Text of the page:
Last Night's TV - Storyville: Sync or Swim, BBC4; Rude Britannia, BBC4; Coronation Street, ITV1

Mysteries of the deep end

The Swedes didn't make it to the football World Cup, suffering the indignity of losing home and away in qualifying games to their less-fancied neighbours, Denmark. But they have the incalculable compensation of being world champions at men's synchronised swimming, a story told in last night's quirkily delightful Storyville documentary,
Sync or Swim.

The film was made by Dylan Williams, a Welshman who had fallen in love with a Swedish woman, given up his well-paid work in the British media, and followed her to Scandinavia, a romantic impulse that had quickly yielded two children, a series of menial jobs to make ends meet, and a general sense of being a fish out of water. That, as a million herring will tell you, is a well-known condition in Sweden, but Dylan, like any resourceful fish out of water, found a swimming pool, and joined up with a bunch of other middle-aged men who were all suffering in one way or another from existential angst, and had duly decided to form a synchronised swimming team. They called themselves, in that way that foreigners have of randomly lumping together several English words in the evident belief that it sounds cool, Stockholm Art Swim Gents.

There are, of course, other, more tried-and-tested ways for a chap to address a midlife crisis... an earring, a motorbike, a tattoo, an extra-marital affair, a pair of leather trousers, a one-man tent at the Glastonbury festival. But for Dylan, the way out of the burgeoning gloom was provided by the "stork's leg", the "three little triangles" and "smack my pony", those well-known synchronised swimming moves.

Not that, at first, either he or his new friends seemed to get much joy from smacking their ponies. If anything, their very Swedish angst deepened at the essential meaninglessness of making star shapes in the water. Imagine a movie co-directed by Busby Berkeley and Ingmar Bergman and you have it, more or less. After one training session they sat in a sauna invoking football as a metaphor for life, but not in a good way, concluding that they had all embarked on the second half of life's journey, losing 1-0 at half-time. Gradually, though, it began to come together, both in the pool and out. Lars, a tortured musician, fell in love with the team coach, Jane, and she with him. Dylan got a new job, teaching film studies. Then, to their astonishment, Stockholm Art Swim Gents found that they were not the world's only male synchronised swimming team. Even more astonishing, they discovered that there was soon to be a world championship, in Milan. So off they went, representing Sweden, to take on Italy, Japan, France, the Czech Republic and the reigning champs, Holland.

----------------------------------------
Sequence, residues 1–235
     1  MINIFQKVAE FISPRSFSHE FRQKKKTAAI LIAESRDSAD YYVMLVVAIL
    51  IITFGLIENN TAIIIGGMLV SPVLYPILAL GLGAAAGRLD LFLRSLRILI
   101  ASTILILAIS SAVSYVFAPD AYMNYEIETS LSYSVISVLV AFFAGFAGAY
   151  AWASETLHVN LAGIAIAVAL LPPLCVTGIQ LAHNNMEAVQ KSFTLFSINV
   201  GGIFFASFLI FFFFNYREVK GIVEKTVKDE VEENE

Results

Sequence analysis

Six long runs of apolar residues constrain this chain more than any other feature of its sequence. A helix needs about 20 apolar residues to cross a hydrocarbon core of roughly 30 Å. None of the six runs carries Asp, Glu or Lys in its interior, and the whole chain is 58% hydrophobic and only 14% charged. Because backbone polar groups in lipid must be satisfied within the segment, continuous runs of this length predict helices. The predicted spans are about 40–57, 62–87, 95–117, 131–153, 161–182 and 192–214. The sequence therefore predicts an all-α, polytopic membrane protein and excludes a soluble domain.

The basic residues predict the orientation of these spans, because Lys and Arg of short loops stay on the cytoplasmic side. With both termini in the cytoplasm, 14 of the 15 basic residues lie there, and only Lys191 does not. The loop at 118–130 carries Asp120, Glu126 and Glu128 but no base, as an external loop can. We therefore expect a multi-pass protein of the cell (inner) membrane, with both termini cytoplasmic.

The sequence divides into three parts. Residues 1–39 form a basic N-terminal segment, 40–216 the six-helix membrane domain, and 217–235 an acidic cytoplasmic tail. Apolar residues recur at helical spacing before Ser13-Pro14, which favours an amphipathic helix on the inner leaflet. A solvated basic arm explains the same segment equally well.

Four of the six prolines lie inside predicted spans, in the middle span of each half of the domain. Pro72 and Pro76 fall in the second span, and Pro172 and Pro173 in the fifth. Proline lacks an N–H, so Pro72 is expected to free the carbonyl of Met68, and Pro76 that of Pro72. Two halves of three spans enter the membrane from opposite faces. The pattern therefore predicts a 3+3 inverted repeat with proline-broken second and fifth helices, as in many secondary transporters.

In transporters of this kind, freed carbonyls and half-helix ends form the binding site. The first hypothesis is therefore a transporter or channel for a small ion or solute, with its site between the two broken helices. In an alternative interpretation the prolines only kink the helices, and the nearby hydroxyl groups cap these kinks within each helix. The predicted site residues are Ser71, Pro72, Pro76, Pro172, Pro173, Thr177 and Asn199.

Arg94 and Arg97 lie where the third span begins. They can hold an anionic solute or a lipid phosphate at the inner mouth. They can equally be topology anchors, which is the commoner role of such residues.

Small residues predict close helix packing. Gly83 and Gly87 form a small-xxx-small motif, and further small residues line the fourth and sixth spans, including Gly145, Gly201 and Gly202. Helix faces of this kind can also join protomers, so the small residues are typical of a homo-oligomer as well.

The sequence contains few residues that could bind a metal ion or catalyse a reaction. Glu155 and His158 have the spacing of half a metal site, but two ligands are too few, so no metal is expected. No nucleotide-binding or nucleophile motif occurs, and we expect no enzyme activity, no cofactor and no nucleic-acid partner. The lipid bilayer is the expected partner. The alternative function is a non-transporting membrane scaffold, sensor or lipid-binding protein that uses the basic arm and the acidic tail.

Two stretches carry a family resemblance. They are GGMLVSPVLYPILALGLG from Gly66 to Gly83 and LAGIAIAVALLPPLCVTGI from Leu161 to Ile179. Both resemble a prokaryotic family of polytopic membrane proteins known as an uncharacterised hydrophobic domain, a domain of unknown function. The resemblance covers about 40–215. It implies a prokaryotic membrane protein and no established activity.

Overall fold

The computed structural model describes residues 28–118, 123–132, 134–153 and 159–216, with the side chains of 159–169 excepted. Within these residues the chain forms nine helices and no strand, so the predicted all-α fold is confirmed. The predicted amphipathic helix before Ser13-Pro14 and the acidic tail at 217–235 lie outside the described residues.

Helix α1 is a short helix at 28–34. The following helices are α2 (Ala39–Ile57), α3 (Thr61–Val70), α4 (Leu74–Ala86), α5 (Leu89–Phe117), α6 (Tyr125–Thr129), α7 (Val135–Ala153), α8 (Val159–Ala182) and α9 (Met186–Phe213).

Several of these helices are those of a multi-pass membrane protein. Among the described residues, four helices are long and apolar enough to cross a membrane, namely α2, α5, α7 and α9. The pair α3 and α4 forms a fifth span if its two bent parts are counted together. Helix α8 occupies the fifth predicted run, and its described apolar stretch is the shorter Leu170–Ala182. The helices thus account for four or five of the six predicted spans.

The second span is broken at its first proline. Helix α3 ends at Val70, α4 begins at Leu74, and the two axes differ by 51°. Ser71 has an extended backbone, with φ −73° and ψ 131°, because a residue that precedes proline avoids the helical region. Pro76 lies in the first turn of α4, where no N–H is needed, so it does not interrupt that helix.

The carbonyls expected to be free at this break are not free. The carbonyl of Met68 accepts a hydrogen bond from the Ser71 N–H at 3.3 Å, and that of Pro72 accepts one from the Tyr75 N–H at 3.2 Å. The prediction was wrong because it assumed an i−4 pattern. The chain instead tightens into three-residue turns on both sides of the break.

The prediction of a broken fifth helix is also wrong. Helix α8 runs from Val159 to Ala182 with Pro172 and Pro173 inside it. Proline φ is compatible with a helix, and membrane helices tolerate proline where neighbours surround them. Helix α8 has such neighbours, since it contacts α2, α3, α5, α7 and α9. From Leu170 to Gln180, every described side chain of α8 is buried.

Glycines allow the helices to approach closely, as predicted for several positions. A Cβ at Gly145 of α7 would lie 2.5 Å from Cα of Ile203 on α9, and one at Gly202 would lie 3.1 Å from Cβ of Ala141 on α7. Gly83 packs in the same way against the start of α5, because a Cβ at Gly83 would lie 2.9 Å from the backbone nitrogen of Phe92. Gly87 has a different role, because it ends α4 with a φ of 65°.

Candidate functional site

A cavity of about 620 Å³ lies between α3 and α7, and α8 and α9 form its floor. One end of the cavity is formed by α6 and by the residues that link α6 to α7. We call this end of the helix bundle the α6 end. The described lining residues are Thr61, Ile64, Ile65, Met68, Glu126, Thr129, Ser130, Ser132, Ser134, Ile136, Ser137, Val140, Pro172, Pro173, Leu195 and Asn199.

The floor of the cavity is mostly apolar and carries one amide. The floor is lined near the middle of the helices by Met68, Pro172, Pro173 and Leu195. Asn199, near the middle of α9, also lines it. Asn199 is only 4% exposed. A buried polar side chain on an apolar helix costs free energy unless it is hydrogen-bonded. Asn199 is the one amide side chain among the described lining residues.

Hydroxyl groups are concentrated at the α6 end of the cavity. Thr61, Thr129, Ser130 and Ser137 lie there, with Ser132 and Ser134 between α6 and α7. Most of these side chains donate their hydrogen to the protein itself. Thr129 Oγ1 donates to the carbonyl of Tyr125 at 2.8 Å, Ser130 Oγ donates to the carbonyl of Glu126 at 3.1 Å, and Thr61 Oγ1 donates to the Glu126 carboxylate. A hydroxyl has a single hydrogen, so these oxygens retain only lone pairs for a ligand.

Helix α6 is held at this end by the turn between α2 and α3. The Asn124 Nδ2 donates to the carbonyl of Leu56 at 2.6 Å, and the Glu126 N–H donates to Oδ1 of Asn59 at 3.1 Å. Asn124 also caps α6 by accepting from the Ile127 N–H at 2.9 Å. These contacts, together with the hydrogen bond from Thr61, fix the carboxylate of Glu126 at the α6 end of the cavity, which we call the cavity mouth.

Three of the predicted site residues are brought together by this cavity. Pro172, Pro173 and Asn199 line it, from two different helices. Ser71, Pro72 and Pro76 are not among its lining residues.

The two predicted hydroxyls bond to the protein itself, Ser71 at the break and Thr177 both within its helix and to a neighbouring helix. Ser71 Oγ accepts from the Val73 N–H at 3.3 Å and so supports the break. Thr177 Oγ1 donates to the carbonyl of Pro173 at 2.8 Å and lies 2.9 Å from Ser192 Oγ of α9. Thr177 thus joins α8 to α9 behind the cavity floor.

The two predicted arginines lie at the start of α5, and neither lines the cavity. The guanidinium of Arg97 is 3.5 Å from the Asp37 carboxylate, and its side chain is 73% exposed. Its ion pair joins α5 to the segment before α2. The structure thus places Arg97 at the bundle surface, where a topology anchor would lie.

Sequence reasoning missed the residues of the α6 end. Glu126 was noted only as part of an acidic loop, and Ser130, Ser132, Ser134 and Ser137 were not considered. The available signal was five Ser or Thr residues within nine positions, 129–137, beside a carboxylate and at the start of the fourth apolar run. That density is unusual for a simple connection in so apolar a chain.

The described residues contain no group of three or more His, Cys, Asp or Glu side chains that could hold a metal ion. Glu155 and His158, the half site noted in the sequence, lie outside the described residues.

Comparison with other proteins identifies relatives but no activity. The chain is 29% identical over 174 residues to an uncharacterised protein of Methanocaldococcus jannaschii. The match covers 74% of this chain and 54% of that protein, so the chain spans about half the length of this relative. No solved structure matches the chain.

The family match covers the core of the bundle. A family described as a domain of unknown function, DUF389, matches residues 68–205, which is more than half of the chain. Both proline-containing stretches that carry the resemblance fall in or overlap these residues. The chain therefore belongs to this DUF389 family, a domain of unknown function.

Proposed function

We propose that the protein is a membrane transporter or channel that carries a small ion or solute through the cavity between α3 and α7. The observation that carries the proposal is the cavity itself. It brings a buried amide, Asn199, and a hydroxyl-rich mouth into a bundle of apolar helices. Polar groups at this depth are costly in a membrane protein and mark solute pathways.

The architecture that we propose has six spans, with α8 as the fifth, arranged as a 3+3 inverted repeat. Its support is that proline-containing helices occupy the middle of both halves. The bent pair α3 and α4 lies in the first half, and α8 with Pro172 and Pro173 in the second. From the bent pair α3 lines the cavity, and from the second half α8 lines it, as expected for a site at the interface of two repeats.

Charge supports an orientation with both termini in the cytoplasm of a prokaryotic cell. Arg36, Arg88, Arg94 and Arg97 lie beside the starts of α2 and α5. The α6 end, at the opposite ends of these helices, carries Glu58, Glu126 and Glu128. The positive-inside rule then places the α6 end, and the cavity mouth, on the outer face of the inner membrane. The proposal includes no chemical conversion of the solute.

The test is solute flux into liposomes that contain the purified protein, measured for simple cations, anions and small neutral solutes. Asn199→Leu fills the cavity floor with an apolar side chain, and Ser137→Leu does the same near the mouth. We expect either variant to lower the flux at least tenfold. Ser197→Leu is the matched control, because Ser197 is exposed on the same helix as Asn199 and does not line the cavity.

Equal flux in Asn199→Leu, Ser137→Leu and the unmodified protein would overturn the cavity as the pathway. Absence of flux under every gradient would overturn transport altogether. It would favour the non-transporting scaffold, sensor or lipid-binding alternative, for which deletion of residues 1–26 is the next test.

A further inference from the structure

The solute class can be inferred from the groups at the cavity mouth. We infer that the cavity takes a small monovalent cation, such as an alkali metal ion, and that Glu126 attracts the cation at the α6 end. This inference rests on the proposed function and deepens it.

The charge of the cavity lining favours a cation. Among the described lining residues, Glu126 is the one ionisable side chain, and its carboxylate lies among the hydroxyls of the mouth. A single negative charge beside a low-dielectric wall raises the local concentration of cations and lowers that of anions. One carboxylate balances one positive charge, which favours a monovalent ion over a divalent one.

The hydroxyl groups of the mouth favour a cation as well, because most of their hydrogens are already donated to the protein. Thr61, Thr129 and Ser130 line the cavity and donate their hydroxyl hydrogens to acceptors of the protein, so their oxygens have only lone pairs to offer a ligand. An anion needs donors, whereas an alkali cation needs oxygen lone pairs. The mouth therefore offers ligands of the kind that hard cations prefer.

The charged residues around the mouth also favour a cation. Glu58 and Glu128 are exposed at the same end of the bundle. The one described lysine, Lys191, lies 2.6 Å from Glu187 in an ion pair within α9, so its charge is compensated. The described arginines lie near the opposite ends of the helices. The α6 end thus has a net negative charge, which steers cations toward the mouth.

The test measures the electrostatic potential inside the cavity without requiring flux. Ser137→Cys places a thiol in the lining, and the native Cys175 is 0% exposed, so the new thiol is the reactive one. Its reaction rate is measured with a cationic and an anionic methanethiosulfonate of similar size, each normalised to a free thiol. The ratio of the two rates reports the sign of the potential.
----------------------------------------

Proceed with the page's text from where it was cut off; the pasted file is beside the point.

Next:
Men, I should add at this juncture, do not entirely suit the sport of synchronised swimming. It hadn't occurred to me that it was a gender thing until my wife observed that you can point as elegantly as you like at the ceiling, but matted underarm hair will still render the spectacle a little unsightly. Indeed, body hair in general is not an asset in aquatic ballet, and nor are small and in some cases large male middle-aged paunches.

Nevertheless, the not-notably lithe men of Stockholm Art Swim Gents clung admirably to the belief that it was their inalienable right to hold hands underwater, never more eloquently than in an interview with a Milanese radio presenter, who rudely asserted that theirs was "a sport for homosexuals". I can't remember whether it was Lars or Jonas or Pontus who replied, witheringly: "Any sport is for homosexuals, and any sport is for heterosexuals." Bravo! And bravo, too, to Dylan Williams. All things considered, this was a nigh-on perfect documentary, even if he was calculatingly disingenuous in the way he presented the team as pretty hopeless right up until the moment they won gold.

Similarly enjoyable was Rude Britannia, the first of a three-part series exploring the growth of another kind of sport, and one at which the British excel: the slaying, by way of satire and general contempt, of sacred cows. It started in earnest in Georgian times, when first William Hogarth and later James Gillray, Henry Fielding and Alexander Pope lampooned society more rudely and sometimes more crudely than has ever been achieved by Spitting Image, Viz or even our most brilliant skewerer of contemporary vanities and hypocrisy, Chris Morris. The easiest and indeed fattest target was the dissolute Prince Regent, later George IV, but by the 1830s a golden age of satire had died with him. By the accession of Queen Victoria in 1837, the British were learning to be more respectful towards society's movers and shakers, more's the pity.